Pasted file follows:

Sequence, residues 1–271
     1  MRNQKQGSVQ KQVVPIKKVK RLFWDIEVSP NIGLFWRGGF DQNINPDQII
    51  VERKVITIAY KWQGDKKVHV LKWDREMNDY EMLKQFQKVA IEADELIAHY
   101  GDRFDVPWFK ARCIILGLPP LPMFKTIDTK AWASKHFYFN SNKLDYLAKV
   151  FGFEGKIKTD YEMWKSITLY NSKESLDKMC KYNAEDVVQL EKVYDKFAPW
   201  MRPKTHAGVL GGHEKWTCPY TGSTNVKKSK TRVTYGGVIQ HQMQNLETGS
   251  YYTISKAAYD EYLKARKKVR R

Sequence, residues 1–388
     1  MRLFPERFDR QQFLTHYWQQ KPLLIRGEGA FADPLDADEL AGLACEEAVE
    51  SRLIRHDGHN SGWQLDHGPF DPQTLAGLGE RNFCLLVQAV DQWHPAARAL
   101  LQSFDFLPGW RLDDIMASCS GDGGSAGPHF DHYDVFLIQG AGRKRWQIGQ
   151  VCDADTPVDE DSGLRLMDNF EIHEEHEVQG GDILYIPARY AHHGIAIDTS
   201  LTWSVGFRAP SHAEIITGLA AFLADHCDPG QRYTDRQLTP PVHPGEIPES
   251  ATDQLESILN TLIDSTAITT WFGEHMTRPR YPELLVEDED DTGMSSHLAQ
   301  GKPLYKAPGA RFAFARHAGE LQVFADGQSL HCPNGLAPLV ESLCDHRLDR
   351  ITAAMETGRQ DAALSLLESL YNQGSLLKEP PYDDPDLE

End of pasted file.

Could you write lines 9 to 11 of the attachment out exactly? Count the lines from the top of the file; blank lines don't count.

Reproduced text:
     1  MRLFPERFDR QQFLTHYWQQ KPLLIRGEGA FADPLDADEL AGLACEEAVE
    51  SRLIRHDGHN SGWQLDHGPF DPQTLAGLGE RNFCLLVQAV DQWHPAARAL
   101  LQSFDFLPGW RLDDIMASCS GDGGSAGPHF DHYDVFLIQG AGRKRWQIGQ